SarahVaughter

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Old Non-Acne Scars, Acne Nose Scars
« Reply #3 on: October 27, 2011, 11:38:17 AM »
You can dermaroll the whole area immediately after needling or stamping or do it later, it depends what is easier for you. It can be painful to roll over the needled scars so rolling some days later is perhaps easier.

I have written about Keratosis Pilaris here. My answer is #3:

  https://http://forums.owndoc.com/dermarolling-microneedling/Keratosis-Pilarism/a>

  Loofah is not strong enough to unclog/unplug the pores, you should use pumice and experiment with frequency of using it and pressure applied on it. Your skin has to get used to it, do not give up if the initial reaction of your skin is irritation.

  I think you should first try to get the "zits" under control by constantly unplugging them by the pumice to prevent their clogging and only then use a dermaroller.

TheDude

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Old Non-Acne Scars, Acne Nose Scars
« Reply #4 on: November 04, 2011, 04:02:56 AM »
I'm a little confused, wouldn't it be harmful to use a 1.5mm stamp and then use a 1.5mm roller on the same area a couple of days later? Wouldn't that disrupt collegen production?

I picked up some 2% salicylic acid (highest concentration I could find) and a pumice stone, and started using the pumice today on my dry skin. I've heard copper peptides could hep with Ketatosis Pilaris, do you have any experience with that?

Also, I was informed today that I have scars on my back, some of them going across my spine... Could I use my 1.5mm dermaroller on these area? Would it be unsafe to use a 1.5mm dermaroller on the skin on your spine?

What about on scars on the fronts of the shins where the bone is directly behind the skin? Would that be okay with a 1.5mm dermaroller, or is the skin not thick enough there?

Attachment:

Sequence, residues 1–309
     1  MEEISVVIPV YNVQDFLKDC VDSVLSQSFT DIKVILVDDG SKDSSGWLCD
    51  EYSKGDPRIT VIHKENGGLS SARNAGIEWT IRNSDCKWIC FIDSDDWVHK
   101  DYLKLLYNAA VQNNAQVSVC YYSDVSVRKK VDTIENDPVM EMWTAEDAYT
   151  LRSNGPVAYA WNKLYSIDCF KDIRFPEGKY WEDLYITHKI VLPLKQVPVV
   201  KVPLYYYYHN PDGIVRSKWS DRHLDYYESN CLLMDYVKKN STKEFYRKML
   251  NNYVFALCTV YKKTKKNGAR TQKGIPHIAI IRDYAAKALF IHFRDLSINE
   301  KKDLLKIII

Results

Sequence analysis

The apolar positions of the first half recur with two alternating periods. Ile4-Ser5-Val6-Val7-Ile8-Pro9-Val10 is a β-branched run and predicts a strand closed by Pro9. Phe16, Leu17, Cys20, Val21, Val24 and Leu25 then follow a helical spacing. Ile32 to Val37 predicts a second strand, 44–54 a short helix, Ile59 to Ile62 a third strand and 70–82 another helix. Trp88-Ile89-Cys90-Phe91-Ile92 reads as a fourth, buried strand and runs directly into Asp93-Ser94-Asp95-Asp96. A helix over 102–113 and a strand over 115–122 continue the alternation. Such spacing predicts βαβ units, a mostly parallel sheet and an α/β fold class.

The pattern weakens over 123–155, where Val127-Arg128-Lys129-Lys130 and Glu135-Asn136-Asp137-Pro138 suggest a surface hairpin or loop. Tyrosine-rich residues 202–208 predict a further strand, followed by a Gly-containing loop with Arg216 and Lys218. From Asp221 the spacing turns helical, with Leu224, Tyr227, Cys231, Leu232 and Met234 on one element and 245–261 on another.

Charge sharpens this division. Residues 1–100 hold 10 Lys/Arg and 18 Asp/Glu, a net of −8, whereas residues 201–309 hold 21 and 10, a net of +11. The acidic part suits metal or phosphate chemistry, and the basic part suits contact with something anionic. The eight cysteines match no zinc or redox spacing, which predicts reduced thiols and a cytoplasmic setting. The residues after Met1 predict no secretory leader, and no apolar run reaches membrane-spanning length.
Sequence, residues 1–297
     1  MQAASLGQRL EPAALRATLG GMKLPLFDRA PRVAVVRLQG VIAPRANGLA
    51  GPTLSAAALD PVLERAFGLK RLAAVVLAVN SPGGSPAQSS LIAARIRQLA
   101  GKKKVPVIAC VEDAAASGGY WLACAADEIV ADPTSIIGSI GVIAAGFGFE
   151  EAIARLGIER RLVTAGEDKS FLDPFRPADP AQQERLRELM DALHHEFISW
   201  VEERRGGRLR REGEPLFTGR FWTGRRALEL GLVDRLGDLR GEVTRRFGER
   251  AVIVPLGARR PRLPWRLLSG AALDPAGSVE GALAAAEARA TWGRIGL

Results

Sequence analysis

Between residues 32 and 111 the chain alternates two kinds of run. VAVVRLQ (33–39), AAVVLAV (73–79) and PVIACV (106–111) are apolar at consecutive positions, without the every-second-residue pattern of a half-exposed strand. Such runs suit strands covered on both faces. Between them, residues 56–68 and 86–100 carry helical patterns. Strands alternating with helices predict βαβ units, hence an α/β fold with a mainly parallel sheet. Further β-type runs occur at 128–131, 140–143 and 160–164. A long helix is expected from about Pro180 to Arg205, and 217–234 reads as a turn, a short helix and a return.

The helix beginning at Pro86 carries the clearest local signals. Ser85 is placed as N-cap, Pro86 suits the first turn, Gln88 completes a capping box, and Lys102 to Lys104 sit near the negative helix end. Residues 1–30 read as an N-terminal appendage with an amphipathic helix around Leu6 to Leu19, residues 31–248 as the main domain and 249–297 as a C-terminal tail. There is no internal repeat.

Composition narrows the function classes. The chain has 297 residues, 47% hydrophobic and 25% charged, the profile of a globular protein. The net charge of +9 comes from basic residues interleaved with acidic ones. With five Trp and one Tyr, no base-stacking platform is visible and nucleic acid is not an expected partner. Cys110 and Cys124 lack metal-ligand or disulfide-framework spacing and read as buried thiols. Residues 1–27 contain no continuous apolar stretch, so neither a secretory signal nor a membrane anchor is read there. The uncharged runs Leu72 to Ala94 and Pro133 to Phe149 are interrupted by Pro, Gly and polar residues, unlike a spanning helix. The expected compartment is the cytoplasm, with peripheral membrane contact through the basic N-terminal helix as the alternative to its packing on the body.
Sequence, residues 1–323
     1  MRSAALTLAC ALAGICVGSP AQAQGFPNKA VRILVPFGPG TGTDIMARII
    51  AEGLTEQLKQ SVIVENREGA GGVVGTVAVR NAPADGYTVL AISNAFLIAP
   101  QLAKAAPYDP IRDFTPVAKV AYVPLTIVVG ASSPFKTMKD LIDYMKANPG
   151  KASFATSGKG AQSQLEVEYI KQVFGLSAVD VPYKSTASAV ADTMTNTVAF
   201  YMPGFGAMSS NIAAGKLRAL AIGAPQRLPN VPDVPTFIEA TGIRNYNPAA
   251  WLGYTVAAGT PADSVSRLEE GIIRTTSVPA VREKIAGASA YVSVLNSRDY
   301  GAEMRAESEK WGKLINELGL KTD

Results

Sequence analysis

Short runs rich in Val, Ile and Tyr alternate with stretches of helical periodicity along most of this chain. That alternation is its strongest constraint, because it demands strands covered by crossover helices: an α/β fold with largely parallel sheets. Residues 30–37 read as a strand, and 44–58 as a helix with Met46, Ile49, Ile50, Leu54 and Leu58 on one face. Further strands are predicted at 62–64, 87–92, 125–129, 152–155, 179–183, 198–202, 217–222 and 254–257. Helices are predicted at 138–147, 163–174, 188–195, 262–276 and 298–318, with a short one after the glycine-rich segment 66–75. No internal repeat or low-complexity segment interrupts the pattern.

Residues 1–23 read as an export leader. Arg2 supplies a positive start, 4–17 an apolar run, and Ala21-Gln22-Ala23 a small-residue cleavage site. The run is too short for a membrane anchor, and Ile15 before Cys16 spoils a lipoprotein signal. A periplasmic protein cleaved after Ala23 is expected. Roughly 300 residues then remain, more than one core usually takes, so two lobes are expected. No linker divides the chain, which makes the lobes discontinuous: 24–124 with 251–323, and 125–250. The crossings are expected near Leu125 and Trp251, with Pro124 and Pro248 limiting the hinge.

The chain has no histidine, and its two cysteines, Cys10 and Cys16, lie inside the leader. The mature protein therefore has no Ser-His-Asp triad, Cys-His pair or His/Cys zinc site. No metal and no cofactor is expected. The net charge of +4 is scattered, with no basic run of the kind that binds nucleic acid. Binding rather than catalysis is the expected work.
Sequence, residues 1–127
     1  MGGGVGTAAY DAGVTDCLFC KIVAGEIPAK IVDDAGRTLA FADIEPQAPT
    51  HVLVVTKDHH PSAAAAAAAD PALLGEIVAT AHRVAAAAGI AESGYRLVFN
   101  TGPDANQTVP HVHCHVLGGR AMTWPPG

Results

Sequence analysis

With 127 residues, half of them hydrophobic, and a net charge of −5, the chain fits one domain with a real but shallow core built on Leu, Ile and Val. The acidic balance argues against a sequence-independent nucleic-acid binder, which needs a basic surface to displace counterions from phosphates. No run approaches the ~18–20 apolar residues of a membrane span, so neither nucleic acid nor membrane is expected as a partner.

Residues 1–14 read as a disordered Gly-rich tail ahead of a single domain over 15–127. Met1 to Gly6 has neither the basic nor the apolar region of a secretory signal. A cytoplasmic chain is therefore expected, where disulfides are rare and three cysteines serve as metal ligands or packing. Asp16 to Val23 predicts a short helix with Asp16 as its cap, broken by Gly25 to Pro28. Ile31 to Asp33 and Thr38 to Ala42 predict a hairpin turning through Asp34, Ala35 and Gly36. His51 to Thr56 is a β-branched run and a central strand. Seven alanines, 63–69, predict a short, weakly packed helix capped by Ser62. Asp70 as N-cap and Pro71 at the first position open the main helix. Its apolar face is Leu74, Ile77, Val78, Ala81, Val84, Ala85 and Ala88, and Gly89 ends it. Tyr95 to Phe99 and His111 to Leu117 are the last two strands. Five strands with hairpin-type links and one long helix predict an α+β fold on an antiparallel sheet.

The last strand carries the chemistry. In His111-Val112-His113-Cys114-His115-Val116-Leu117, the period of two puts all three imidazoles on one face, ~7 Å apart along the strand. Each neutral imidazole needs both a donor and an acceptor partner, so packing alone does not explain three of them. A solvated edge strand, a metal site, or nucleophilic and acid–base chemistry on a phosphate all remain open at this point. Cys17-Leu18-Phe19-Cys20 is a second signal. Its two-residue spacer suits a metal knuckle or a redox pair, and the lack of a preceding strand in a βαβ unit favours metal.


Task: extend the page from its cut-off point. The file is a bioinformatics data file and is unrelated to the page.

SarahVaughter

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Old Non-Acne Scars, Acne Nose Scars
« Reply #5 on: November 07, 2011, 12:02:05 PM »
It would be best doing it both in one go but that approach is not the easiest.

 If you first stamp and then dermaroll, it is too painful to roll over freshly stamped areas and if you first roll and then stamp, the redness from dermarolling may prevent you from seeing the individual scars and target them with a dermastamp or the single needle.  

  Copper peptides became somewhat of a hype claiming to help with everything from baldness to psoriasis just like several websites claim that a dermaroller reverses graying hair, completely removes stretch marks and make breasts bigger (which is complete nonsense).

  Keratosis Pilaris is caused by skin pores being plugged by keratin. These plugs are quite strongly anchored, you can almost say they are "glued in" and quite some force is needed to remove them. You can remove the plugs either mechanically, for example with a pumice stone or dissolve the keratin with chemicals (keratolytics). Keratolytics soften keratin.  I do not know whether copper peptides have a keratolytic effect but even if they do, it would be a very expensive way to soften keratin. Salicylic acid is much cheaper and a very effective keratolytic. Removing the plugs mechanically is the cheapest and also a very effective way if you find the right frequency and pressure applied when you use the pumice stone.

  The skin on the back is one of the thickest in the whole body (apart from the soles of the feet) and using a 1.5 mm dermaroller should be OK but we have never had a customer using it on that area of the back.

Are your scars post-acne?

  You can use a dermaroller on the shins but it is quite painful because there is no fat to cushion the skin.

TheDude

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Old Non-Acne Scars, Acne Nose Scars
« Reply #6 on: November 08, 2011, 05:40:06 AM »
The scars on my back are not post-acne, they are mostly in the form of scratches/gashes I have gotten on my back from not being careful around farm machinery. The largest one is actually a raised scar - I shouldn't be dermarolling this type of scar, correct?

Thanks for the advice on everything else, I will be sure to use EMLA cream so I don't have to worry about the pain too much.

SarahVaughter

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Old Non-Acne Scars, Acne Nose Scars
« Reply #7 on: November 08, 2011, 12:01:45 PM »
You can use a dermaroller on raised scars. Dermarolling improves raised scars. It should not be used on keloid scars though.

  The difference between a keloid and a raised scar is that a raised scar is raised but it is more or less within the boundaries of the original injury. Keoloid scars totally outgrow the original boundaries of the injury and they grow in all directions. A person prone to keloids can get a huge scar merely due to a bug bite or vaccination..